Michael Chitwood's The Weave Room
Reviewed by Meredith Sue Willis
The recent growth of poetry readings, performance art, and poetry slam
competitions points up the fact that even today the common reader needs
poetry. Poetry--like all literary art but even more intensely-- is about deep
connections and multi-layered insight.
Granddad's hungThe middle section of the book, the longest of three, focuses on various characters and events in the mill itself as well as on the language of the mill workers and their bosses. One poem, "Safety Meeting: What Counts," is a quoted conversation between a pretentious safety engineer and challenging workers. Other poems are miniature narratives, like "The Thunderbolts of Zeus" in which a college boy has the job of changing light bulbs in the factory:
My wobbly scaffolding straddled the looms,Several of these poems in the middle section take on the unusual poetic task of exploring the struggle to unionize the Southern Appalachian millworkers. I would wish that the political thread had been colored a little brighter, drawn a little tighter. One excellent and deeply complex piece is called simply "Union." Written in brief prose-shaped passages, it expresses how the narrator doesn't trust the organizers:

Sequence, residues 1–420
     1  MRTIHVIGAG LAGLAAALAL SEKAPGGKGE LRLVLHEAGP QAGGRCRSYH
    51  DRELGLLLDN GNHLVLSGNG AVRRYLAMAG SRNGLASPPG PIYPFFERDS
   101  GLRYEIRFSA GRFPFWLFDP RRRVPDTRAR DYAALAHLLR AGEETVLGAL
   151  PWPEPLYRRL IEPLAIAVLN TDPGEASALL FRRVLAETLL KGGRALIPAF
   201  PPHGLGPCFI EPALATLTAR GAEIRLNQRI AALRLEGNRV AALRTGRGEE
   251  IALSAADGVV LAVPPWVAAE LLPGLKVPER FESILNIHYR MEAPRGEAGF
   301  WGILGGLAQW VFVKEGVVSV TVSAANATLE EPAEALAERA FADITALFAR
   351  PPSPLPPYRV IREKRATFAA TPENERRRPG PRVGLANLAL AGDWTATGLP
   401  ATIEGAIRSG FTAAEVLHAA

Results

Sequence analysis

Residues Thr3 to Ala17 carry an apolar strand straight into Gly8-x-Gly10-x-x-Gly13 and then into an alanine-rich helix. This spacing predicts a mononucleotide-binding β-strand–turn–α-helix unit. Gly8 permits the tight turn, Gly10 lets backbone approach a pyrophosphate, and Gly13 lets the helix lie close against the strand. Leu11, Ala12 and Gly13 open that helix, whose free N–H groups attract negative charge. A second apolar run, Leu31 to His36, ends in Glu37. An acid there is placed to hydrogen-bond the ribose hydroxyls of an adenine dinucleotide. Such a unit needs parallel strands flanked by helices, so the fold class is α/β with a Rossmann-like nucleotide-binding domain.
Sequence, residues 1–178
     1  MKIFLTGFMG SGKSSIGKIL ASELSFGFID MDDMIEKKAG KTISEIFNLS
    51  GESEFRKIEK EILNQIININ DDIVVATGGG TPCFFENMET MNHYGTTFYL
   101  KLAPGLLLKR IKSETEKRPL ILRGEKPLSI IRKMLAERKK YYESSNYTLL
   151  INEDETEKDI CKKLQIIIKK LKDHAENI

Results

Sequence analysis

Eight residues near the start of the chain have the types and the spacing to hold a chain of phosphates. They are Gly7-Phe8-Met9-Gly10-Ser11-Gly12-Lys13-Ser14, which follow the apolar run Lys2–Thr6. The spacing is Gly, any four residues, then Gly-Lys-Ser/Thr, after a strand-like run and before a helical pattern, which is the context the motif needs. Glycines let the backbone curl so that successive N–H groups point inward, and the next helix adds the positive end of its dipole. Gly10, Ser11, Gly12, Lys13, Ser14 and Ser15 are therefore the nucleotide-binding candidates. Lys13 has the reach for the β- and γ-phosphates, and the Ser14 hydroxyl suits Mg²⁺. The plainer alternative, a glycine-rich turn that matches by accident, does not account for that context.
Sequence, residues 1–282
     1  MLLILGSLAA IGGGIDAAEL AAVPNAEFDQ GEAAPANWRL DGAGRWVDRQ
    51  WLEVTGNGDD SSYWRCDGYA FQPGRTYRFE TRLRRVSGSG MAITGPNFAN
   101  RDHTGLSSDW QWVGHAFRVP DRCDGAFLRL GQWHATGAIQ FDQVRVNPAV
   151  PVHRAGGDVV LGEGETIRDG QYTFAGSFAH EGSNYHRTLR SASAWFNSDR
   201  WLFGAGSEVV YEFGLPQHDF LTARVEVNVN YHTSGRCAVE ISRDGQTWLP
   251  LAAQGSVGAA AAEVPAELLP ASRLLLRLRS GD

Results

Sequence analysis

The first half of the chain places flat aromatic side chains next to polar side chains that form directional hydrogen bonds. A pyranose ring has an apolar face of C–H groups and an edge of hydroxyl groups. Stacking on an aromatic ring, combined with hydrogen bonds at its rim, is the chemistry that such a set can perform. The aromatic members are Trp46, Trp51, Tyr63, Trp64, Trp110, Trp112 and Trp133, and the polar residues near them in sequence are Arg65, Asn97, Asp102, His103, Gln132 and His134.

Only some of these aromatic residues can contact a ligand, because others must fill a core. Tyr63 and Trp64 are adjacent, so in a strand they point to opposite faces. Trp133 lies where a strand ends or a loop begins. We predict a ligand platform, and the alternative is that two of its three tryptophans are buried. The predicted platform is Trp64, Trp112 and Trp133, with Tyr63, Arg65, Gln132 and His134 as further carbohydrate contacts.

"....I told him union was just a word and words don't come by with a dish when someone's mother dies...." (p. 33)Then, as people begin to sign the little blue union cards, the company makes its own demonstration. To underline the point about what will happen if the workers vote for a union, the bosses call a meeting by shutting off all the looms, something they have always insisted is prohibitively expensive. Then, in the silent factory, the workers are given a free barbeque:
"Mr. Goldman from Greenville had a few words about our good work, lack of lost-time accidents, and we were told to help ourselves, just help ourselves. And we did, but not to praise or pig but to that sound, that quiet of the looms not running, not what was there, but what wasn't." (p.34)Of course, in the end, the company closes the mill anyway. The final section of the book is contemplative, even nostalgic. Here, the poet is farther from his roots, and indeed has to reconstruct and imagine what he was doing "On the Day the Oldest Textile Mill in the South Closed." The final stanza of the entire book, at the end of a poem called "Threads, End of Another Day," is:
That's it, all that happened, then, there,This is thoughtful, colloquial, sad, and lovely. Still, to my mind, Chitwood's strongest poems, the ones that lead me to recommend this book to others, are those written out of the lives, struggles, language, and stories of the people who worked in the mills.
Meredith Sue Willis, a member of the Essex Ethical Society, is the author of ten books, including a novel, Trespassers (Hamilton Stone Editions 1997) about the anti-war student strikes at Columbia University.
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